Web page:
Ian Patrick, FISM News
On Thursday, President Biden signed an executive order which prevented any United States person from investing in certain Chinese firms and businesses linked to their nation’s military, surveillance, and defense sectors. Included in the order are 59 specific companies with such ties or links.
The order itself is presented as a way of addressing national security concerns outlined in a previous executive order from Trump’s presidency, which addressed only 30 companies at the time. Biden finds that the threat has extended to include “the military-industrial complex of the People’s Republic of China (PRC) and its involvement in military, intelligence, and security research and development programs, and weapons and related equipment production under the PRC’s Military-Civil Fusion strategy.”
In addition, I find that the use of Chinese surveillance technology outside the PRC and the development or use of Chinese surveillance technology to facilitate repression or serious human rights abuse constitute unusual and extraordinary threats, which have their source in whole or substantial part outside the United States, to the national security, foreign policy, and economy of the United States, and I hereby expand the scope of the national emergency declared in Executive Order 13959 to address those threats.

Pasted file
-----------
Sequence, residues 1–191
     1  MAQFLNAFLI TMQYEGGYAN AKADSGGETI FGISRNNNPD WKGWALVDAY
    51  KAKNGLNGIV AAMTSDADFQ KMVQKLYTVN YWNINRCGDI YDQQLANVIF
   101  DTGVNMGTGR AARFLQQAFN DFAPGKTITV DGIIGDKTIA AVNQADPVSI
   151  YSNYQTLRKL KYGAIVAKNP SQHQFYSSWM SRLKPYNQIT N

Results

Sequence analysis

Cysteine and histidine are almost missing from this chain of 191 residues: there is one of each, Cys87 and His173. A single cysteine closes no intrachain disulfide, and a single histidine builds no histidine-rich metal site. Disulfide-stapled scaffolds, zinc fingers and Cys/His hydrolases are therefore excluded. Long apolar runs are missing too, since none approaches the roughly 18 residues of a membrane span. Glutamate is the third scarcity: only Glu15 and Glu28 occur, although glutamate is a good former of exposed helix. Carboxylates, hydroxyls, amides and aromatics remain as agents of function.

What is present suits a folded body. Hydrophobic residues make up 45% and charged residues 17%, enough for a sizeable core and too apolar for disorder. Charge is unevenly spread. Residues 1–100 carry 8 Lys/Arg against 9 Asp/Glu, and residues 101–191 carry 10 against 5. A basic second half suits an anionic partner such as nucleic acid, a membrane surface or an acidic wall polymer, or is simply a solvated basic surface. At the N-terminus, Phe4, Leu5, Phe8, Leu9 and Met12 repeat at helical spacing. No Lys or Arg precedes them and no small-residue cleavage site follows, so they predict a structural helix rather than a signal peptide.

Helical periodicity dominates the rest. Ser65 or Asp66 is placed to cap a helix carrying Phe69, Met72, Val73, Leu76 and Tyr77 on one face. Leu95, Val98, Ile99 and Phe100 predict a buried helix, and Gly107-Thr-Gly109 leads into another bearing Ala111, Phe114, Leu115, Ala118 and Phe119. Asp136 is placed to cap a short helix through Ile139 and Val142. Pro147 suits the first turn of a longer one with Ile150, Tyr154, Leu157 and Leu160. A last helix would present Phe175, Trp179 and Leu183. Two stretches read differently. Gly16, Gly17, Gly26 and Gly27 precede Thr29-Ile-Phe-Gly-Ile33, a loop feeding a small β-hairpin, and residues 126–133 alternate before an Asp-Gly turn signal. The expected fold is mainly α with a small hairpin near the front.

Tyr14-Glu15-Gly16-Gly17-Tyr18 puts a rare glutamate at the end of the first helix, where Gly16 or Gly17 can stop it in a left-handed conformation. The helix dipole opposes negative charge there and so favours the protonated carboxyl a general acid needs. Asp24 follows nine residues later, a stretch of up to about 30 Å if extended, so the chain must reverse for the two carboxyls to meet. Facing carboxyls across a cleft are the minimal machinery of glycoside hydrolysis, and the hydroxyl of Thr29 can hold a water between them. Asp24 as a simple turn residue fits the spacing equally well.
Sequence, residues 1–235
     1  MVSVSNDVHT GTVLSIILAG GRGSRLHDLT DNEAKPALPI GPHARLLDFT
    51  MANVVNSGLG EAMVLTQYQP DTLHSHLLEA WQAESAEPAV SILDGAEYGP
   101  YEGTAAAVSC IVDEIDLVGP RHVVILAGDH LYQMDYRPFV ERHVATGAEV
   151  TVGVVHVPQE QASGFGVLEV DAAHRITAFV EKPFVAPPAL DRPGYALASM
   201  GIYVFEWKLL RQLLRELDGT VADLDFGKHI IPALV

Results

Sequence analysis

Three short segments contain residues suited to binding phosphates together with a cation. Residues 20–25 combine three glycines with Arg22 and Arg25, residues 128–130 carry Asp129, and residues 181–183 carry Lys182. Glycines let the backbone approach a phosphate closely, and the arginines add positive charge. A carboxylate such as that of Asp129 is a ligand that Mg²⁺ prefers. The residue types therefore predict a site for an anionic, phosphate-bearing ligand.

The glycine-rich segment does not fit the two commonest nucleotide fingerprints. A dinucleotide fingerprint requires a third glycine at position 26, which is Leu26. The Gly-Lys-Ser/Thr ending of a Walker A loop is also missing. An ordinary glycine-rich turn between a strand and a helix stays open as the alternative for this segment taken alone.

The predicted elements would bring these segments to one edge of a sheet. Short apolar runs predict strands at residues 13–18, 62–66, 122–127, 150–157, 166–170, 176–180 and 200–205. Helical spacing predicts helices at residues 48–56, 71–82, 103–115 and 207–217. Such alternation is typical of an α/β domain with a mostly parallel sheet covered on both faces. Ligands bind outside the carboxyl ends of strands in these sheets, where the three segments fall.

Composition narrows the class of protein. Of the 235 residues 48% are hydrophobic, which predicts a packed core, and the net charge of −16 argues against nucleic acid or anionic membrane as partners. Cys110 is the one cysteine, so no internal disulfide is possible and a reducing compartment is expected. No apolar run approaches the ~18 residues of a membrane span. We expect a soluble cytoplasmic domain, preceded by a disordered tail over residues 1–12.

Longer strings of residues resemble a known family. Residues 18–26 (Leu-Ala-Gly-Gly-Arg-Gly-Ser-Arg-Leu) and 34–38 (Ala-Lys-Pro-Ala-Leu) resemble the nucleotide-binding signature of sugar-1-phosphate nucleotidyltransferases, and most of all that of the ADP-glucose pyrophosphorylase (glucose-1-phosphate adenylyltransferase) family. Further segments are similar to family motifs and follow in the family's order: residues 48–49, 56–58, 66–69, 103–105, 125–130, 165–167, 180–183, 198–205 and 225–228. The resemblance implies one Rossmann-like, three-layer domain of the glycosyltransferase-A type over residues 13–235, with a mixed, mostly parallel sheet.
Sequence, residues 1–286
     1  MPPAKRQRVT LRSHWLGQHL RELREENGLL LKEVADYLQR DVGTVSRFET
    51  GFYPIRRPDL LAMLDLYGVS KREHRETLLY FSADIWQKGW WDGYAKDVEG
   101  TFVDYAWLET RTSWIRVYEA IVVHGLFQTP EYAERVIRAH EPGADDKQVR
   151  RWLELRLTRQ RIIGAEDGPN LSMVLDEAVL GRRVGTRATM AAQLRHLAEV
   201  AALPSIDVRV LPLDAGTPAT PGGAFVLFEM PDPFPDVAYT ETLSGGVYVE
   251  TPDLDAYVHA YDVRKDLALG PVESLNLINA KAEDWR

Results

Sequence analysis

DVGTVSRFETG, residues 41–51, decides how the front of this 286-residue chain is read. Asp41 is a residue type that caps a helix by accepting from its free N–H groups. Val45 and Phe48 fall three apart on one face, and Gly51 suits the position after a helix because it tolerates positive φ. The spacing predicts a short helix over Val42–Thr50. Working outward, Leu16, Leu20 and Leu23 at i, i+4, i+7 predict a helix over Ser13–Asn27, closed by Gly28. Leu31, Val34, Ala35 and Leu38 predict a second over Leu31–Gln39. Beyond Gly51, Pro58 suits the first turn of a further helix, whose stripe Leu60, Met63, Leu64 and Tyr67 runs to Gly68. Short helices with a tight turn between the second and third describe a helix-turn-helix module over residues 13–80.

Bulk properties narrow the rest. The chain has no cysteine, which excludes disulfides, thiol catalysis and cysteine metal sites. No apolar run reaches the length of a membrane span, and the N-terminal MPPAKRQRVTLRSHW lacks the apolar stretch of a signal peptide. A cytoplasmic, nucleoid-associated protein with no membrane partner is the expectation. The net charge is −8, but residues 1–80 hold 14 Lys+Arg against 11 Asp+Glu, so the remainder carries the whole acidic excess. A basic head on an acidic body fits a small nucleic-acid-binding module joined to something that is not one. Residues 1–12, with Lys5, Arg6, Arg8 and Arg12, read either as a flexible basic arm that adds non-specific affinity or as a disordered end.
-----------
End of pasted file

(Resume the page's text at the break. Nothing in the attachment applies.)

Individuals in the U.S. are banned from “the purchase or sale of any publicly traded securities, or any publicly traded securities that are derivative of such securities or are designed to provide investment exposure to such securities.” The Secretaries of the Treasury and the State are designated with carrying out the purposes of this order, and may include the Secretary of Defense if deemed necessary.
Some major Chinese firms included on the previous list that were also placed on the updated list include: Aviation Industry Corp of China, China Mobile Communications Group, China National Offshore Oil, Huawei Technologies, and Semiconductor Manufacturing International Corp.